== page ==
The baby was like 5 feet tall, and the mother twice his size! Wow! Bears in Tennessee are never this large... could they be Grizzlies? I didn't hang around to ask them, and pulled into my campsite on the summit right as the sun was setting, and got my camp setup just as it got dark. What a great day!
A couple hours later, the beer, burger, and delicious french fries had decided it was time for an Exodus. I had to find a place to squat in the woods, in the pitch black. With my LED headlamp and some TP, and my trusty Poop Shovel,
I went and dug meself a hole, and prepared to fill it, lol. Then I remembered the Bears. So I ran back to camp and got my pistol, haha. It may not have done me any good, but I was going to attempt to not go out with my pants down, come Hell or high water! So there I was squatting in the woods with a flashlight and a pistol, acting like a special forces commando badass, just long enough to drop one, bury it, and scurry back to my tent.
Probably a little bit of unnecessary concern, but a man is never more vulnerable than when dookin in the woods, haha.
Once back at camp, well fed, relieved, and exhausted, I ended my day precisely where I had begun it. ZZZZZZZzzzzzzzzzz.
Continuation of photos
The following morning I was awakened at the crack of dawn by the loudest woodpecker hammering I've ever heard in my life. Actually frightened me at first! The woodpeckers I saw were at least twice the size of the ones I'm used to in TN! These dudes were like 3 feet tall! Unfortunately, I was unable to get a decent photo of them, but they were certainly huge, and apparently pack a real wallop when pecking on these trees! What a racket!
Now that I was totally awake, I went over to the running stream near the campsite with a bar of soap, and cleaned up the grungiest bits of myself, and brushed my teeth, shivering and teeth chattering, as it was about 32*F here, and the water wasn't any warmer. It really helped get the fog out of my head, though, and some fresh clothes and socks made me feel like I was ready for the day. I was still a little sore from the events of the day before, but feeling great, mentally energized from the day before. I rode back to Newberry's Store, and hung out for a bit, and topped off my fuel tank, and decided to head north on the slab through Gunnison, Sargent, and over Monarch pass into Salida.
My poor KLR was wheezing and struggling above 10k ft, and I had to climb all of Monarch pass at 50 mph in 4th gear, but I wasn't being passed by anyone, so maybe what I was doing was at least acceptable, even if it did feel pretty pathetic at the time. Downhill was sooo much easier, haha. I wanted to see what "Old Monarch Pass" was all about, and should have, but I wasn't sure where it would take me, as I hadn't done any research on it yet. From what I can tell, it wasn't a through route, but rather just a scenic loop?
Anyway, I continued on and eventually stopped at a gas station with a tiny Mexican restaurant in Poncha Springs, right before Salida, and got a delicious burrito, and spoke with a gentleman on a new BMW R1250GS-A, and then continued toward Colorado Springs, where I began to look for a decent place to camp. I ended up going up a scenic dirt road with several rough-hewn rock tunnels from the mining days called Gold Camp Road, which I had ridden a couple of times before. This time, however, I followed some single track off the side for a few miles back to a secluded clearing, yet again next to a flowing stream. It wasn't quite dark by the time I made it here, but I went ahead and set up camp and made some dinner, then went for a short hike up the trail I was on, that quickly degraded to something that I could not have conquered on the KLR, at least with my current skill level and overall physical condition. Either way, It was fun walking the trail to see where it went for a little ways. Back at camp, I decided to sleep in my hammock this time, rather than the tent, because it was a little lower elevation than Owl Creek was, and consequently, QUITE a bit hotter. Everywhere I had been since arriving in Colorado had had signs posted stating there was a burn restriction, so I hadn't had a campfire. This particular evening started out so warm that a fire wasn't even in my thoughts. I had been boiling water with my tiny propane stove, and did the same here for dinner. A campfire would have been nice in the cooler areas, especially with a few friends to share it with, but alone, and already hot, it certainly wasn't missed. As the sun went down, things cooled down, and by the time I was ready to sleep, the weather was just about perfect. Looking up from my hammock, as long as I had my glasses on, I could see stars in any spot I looked. Even the seemingly vacant patches of sky would yield a sparkle once I truly focused on a spot. A gentle breeze and the sound of the water flowing nearby soon rocked me to sleep, the best I've had yet on this trip, as my aching body conformed to sag of the hammock, and my general uneasiness of being away from my home and family faded. If I ever find myself alone and homeless, I think I could be pretty content for quite a while before I'd really miss all the things that go along with owning a house and land, and holding down a job, and always trying to compromise my own desires to keep everyone else happy. Don't get me wrong, I missed my wife and kid, and would truly be lost without them. But if my life had taken a different path that left me alone up to this point in life, I can't say I'd complain that much.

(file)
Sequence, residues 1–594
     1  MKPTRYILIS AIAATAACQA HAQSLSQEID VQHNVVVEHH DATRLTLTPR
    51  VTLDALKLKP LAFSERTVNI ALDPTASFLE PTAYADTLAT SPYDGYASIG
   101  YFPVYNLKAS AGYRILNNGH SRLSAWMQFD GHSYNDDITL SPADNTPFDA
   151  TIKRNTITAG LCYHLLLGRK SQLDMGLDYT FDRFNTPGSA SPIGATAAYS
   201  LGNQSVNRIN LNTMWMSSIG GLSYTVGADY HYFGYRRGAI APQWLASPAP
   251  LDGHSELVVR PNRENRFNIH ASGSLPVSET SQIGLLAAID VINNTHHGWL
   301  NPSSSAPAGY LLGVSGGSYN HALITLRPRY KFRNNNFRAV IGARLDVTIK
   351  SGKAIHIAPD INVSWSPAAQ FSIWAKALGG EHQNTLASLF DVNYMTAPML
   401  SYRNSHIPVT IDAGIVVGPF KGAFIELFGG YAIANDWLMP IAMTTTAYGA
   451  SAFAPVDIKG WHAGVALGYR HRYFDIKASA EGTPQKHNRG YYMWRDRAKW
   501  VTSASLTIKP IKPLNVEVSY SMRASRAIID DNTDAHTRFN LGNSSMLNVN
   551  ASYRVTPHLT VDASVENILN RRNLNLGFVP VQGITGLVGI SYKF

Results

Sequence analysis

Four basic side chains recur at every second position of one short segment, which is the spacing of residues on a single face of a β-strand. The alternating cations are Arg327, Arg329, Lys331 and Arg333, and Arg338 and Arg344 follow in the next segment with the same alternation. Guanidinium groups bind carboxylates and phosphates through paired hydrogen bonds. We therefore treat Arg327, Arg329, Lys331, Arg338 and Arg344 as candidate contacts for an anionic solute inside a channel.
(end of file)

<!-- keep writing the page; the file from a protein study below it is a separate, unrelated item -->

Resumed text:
These thoughts take me back to one of my favorite lines from Mitch Hedberg: "If you are walking in the woods and get lost F*ck it, build a house! You live here now!". This has always come across as good logic to me. You won't be lost long, if you simply make yourself at home... Yes, I realize it's not that easy. That's why I'm back in Tennessee typing this ride report from the comfort and stability of my computer at work. But I'd say just about anybody who has made it this far in my long winded report can at least relate to the call of the wilderness and a love for seclusion. Even at my actual home, I've done all I can to distance myself from the public at large, and tend to only encounter people when I go into public, or invited parties show up. It just makes for a much more peaceful life. :)